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2.1. Insight from elliptical galaxies

Although the bulges of disk galaxies are not simply small elliptical galaxies — because their stellar densities are much higher (see Section 6) — they are similar in the sense that the 3-parameter Sérsic model can describe their light profiles. One can use the luminosity (or rather the absolute magnitude M = -2.5log[L]), central surface brightness and Sérsic index as the three independent variables. From a sample of many elliptical galaxies, Fig. 2 reveals that these parameters follow log-linear relations that unify the dwarf and giant elliptical galaxies across the alleged divide at MB = -18 mag (Graham & Guzmán 2003). However, when one uses the effective half light parameters (Fig. 3), the continuous, unifying relations are curved. The effective half light radius, and associated surface brightness, have always been somewhat arbitrary quantities. For example, we (astronomers) could have used a radius encolsing 25% or 75% of the total light, and these curved relations would look different again. This would not happen if every light profile was actually an R1/4 profile. Without this understanding, it had led some to conclude that the dwarf and giant elliptical galaxies must be distinct species due to their apparent, near-orthogonal distribution in diagrams involving the effective parameters. Fig. 3 reveals, for example, how the log-linear M - µ0 relation (Fig. 2a) maps into the curved M - µe relation due to the difference between µ0 and µe seen in Fig. 1 and described by Eq. 2. It also reveals the highly curved nature of the <µ>e - Re distribution. As detailed in Graham (2013), this curve shown in Fig. 3c has been derived from the log-linear relations that unify the faint and bright elliptical galaxies in Fig. 2.

Figure 2

Figure 2. The (B-band) magnitude (M = -2.5log[L]), central surface brightness (µ0) and Sérsic index (n) of elliptical galaxies define unifying, continuous, log-linear relations. The deviation at the bright-end of the µ0 - M relation in panel a) is due to the presence of partially depleted cores, thought to have formed from the scouring of binary black holes (e.g. Begelman et al. 1980; Faber et al. 1997; Dullo & Graham 2013, and references therein).

Figure 3

Figure 3. The linear relations from Fig. 2 map into curved relations when `effective' parameters (such as Re, µe or <µ>e) are involved. The bright-arms of these curved relations, marked with the dashed lines, are known as the Kormendy (1977b) relation. Figure adapted from Graham & Guzmán (2003) and Graham (2013).

2.2. Bulges

We can use the above insight from elliptical galaxies to better understand the bulges of disk galaxies. Just as there is no dichotomy between dwarf elliptical and giant elliptical galaxies at MB = -18 mag, or roughly Sérsic n = 2, Fig. 4 reveals no sign of a dichotomy between `classical' n = 4 bulges and n = 1 (or n ≤ 2) `pseudobulges'. One can also see that, as with the elliptical galaxies, the continuous and linear M - n and M - µ0 relations for bulges map into a continuous but curved M-µe relation (Fig. 4c).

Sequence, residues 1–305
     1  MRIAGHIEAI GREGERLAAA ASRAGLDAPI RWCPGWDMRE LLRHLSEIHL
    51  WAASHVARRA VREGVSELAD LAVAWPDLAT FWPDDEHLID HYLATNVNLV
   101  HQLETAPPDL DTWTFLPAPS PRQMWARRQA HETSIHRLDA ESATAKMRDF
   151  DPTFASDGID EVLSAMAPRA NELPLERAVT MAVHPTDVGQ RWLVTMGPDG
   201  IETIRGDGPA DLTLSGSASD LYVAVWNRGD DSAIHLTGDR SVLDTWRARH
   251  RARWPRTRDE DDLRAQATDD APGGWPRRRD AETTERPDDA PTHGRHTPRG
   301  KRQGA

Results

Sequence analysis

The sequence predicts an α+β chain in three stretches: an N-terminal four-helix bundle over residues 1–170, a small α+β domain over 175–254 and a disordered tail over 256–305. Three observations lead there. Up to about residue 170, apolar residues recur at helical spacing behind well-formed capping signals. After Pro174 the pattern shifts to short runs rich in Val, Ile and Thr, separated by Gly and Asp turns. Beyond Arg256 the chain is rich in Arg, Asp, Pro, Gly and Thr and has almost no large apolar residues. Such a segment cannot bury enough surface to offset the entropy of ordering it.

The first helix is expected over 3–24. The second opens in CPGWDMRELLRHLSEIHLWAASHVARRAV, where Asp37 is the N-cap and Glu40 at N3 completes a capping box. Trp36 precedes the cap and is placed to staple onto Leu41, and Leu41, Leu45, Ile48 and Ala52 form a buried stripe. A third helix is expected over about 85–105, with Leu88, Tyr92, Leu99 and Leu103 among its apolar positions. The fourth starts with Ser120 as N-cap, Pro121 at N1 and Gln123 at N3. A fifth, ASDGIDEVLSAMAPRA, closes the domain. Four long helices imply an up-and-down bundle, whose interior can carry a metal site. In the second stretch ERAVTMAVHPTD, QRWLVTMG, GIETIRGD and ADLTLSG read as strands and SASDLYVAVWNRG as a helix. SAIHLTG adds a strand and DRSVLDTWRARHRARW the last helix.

Figure 4

Figure 4. Similar to elliptical galaxies, bulges follow single log-linear scaling relations involving absolute magnitude, central surface brightness and Sérsic index. These two log-linear relations shown in panels a) and b) map into the curved relation shown in panel c), which is not a fit to the data shown there but the requirement / prediction from these two log-linear relations. K-band data has been used here from the compilation in Graham & Worley (2008). The bright arm of the curved (absolute magnitude)-(effective surface brightness) relation for bulges in panel c) is delineated by the dashed lines. Figure adapted from Graham (2013).

Although bulges with n ltapprox 2 will `appear' to deviate from those with n gtapprox 2 in the M - µe diagram, the Re - µe diagram, and also the Fundamental Plane (as noted in Graham & Guzmán 2004, see also Guzmán, Graham & Ismay, in prep.), this is not evidence of a dichotomy but simply reflects that the distribution is curved in diagrams involving effective parameters (see also Graham & Guzmán 2003; Gavazzi et al. 2005; Ferrarese et al. 2006; Côté et al. 2006, 2007).

While rotating bulges with n ~ 1 may be a sign of `pseudobulges' grown from the secular evolution of a disk, some care is needed because Domínguez-Tenreiro et al. (1998), Aguerri et al. (2001) and Scannapieco et al. (2011) have grown bulges with 1 < n < 2 from minor mergers. Further evidence that a radial light distribution with an exponential profile need not have formed from the secular evolution of a disk are the existence of both dwarf elliptical galaxies (Young & Currie 1994) and cD galaxy halos (Seigar et al. 2007; Pierini et al. 2008) which have light profiles with n ≈ 1.

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